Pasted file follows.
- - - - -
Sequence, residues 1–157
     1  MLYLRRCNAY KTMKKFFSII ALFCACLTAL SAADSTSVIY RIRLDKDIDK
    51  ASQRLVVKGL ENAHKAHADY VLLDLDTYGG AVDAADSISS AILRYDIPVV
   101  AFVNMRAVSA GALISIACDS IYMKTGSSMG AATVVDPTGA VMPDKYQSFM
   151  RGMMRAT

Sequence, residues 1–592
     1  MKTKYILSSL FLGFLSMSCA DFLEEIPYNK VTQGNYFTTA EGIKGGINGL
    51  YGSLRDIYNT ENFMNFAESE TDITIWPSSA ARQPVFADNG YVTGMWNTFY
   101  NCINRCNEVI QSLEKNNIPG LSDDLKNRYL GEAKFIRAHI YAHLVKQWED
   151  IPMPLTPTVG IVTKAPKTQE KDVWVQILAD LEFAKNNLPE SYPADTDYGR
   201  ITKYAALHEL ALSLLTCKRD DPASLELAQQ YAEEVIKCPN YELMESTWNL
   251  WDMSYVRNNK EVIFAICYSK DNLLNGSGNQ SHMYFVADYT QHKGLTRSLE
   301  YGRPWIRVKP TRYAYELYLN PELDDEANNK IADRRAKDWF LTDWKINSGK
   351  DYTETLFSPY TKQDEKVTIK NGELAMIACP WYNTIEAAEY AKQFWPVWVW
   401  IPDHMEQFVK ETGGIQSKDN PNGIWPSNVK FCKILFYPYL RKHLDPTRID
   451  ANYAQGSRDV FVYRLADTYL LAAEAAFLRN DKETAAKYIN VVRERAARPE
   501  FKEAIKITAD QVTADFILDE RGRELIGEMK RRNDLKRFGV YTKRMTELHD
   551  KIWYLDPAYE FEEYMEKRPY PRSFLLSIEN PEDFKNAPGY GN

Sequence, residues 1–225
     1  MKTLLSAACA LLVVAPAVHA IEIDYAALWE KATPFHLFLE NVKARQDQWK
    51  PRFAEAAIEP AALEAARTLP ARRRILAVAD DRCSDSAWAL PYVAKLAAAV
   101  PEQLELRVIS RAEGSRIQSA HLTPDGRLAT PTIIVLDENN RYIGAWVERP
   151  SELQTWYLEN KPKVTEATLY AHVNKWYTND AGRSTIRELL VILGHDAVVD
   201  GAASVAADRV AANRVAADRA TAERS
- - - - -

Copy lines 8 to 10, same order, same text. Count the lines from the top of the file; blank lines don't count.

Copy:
    51  YGSLRDIYNT ENFMNFAESE TDITIWPSSA ARQPVFADNG YVTGMWNTFY
   101  NCINRCNEVI QSLEKNNIPG LSDDLKNRYL GEAKFIRAHI YAHLVKQWED
   151  IPMPLTPTVG IVTKAPKTQE KDVWVQILAD LEFAKNNLPE SYPADTDYGR